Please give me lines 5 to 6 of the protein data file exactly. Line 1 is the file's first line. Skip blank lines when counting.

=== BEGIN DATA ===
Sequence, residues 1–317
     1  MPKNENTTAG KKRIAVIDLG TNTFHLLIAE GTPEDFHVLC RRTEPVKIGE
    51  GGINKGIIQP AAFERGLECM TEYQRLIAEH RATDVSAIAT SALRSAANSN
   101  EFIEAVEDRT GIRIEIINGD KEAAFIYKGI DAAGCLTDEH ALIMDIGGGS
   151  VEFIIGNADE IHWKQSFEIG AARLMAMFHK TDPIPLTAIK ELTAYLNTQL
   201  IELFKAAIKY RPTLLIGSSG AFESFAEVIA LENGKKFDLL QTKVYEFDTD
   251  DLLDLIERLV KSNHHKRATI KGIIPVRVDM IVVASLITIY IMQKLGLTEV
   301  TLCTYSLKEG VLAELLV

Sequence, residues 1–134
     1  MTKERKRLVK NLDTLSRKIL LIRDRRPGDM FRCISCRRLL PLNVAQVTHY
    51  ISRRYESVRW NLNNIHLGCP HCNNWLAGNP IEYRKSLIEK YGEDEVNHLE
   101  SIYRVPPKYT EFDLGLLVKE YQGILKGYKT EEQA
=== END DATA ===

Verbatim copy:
   151  VEFIIGNADE IHWKQSFEIG AARLMAMFHK TDPIPLTAIK ELTAYLNTQL
   201  IELFKAAIKY RPTLLIGSSG AFESFAEVIA LENGKKFDLL QTKVYEFDTD